Fortunately, his imagination lives on in the beautiful words and inventive drawings that put a page-turning human face on an extraordinarily shattering chapter in American history. It is a story that combines the brightness of youth, the ignominy of incarceration, and the tragedy of war.
Co-director Sharon Yamato is a writer/filmmaker who wrote, produced and directed “Out of Infamy: Michi Nishiura Weglyn,” a film funded by the California Civil Liberties Public Education Project. She is the author of “Moving Walls: Preserving the Barracks of America’s Concentration Camps” and co-author of “Jive Bomber: A Sentimental Journey,” a memoir of Bruce T. Kaji, founding president of the Japanese American National Museum.
As a consultant to JANM, she has served as editor of the Museum Magazine and project director of “The Encyclopedia of Japanese American History from A to Z” (revised edition), “An American Son: The Story of George Aratani,” and “More Than a Game: Sport in the Japanese American Community.”
Co-director Ann Kaneko is an award-winning independent documentary filmmaker, fluent in Japanese and Spanish. She was selected as best emerging feature documentary director at the New York Asian American International Film Festival for “Against the Grain: An Artist’s Survival Guide to Perú,” which highlights the life and work of four Peruvian political artists.
For the American Film Institute’s Directing Workshop for Women, Kaneko wrote and directed “100% Human Hair,” a zany musical set in a Korean-owned wig shop. Her film “Overstay,” about foreign workers in Japan, has been presented extensively at festivals, museums and universities. She has shot and edited numerous segments for PBS’ “Newshour With Jim Lehrer.”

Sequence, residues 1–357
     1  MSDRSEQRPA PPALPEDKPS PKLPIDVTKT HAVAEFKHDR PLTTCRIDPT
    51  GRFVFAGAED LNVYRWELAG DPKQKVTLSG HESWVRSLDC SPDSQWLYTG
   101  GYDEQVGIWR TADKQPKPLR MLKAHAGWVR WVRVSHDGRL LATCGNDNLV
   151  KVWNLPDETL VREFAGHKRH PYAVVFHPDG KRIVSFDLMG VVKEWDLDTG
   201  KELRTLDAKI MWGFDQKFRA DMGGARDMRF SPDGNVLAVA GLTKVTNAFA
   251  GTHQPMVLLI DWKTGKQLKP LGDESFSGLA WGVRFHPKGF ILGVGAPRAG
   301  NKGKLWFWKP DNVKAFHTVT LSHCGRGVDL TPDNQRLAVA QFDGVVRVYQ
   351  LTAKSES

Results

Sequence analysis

• “Tokyo Waka: A City Poem” (63 minutes) on Tuesday Oct. 23, at 5 p.m. as part of Session XVIII at Freeman Spogli Institute for International Studies, Encina Hall, 616 Serra St.
Tokyo is a digital metropolis and wellspring of spectacular pop culture, its commercial crossroads carpeted with people day and night. Above them, watching from perches on buildings and power lines, are more than 20,000 crows. As their numbers soared in recent years, Tokyo fought back: trapping them, destroying nests, and securing trash. The crows adapted; they are among the smartest of animals. The 13 million people of Tokyo now live alongside them in a stalemate.
“Tokyo Waka” tells this story, and a larger one as well. A Buddhist priest comments on garbage as the remnants of desire; a gardener considers the relentless persistence of nature amidst urban grit; a homeless woman talks about forging community in her tent village deep in the corner of a city park. “Tokyo Waka” gives these smart, opportunistic crows their due, but the film is ultimately an episodic and discursive poem about the life and culture of Tokyo, one of the great cities of the world.
Co-director Kristine Samuelson has been a documentary filmmaker for over 25 years. Collaborating with her partner, John Haptas, she has made many documentary essays, including “Riding the Tiger”; “The World as We Know It”; “Empire of the Moon”; “Wrong Place, Wrong Time”; “The Days and the Hours”; and “I Can See Everything.” All have screened in festivals worldwide. Prior to their collaborative work, Samuelson made other films, including “Arthur and Lillie,” which was nominated for an Academy Award.
She is a professor at Stanford, where she has served as chair of the Art and Art History Department and director of the Film and Media Studies Program. Samuelson was a 2010 U.S.-Japan Creative Arts Fellow.
Haptas’ editing credits include “Soundtrack to a Riot” for “Frontline World” (Emmy nomination), “Hunting the Hidden Dimension,” a program on fractal geometry for PBS’ “Nova” (Pierre-Gilles de Gennes Science Film Prize), and “Inside Guantanamo Bay,” a two-hour National Geographic Explorer special (Emmy Award nominations for best documentary and writing). He is currently editing a film about Susan Sontag.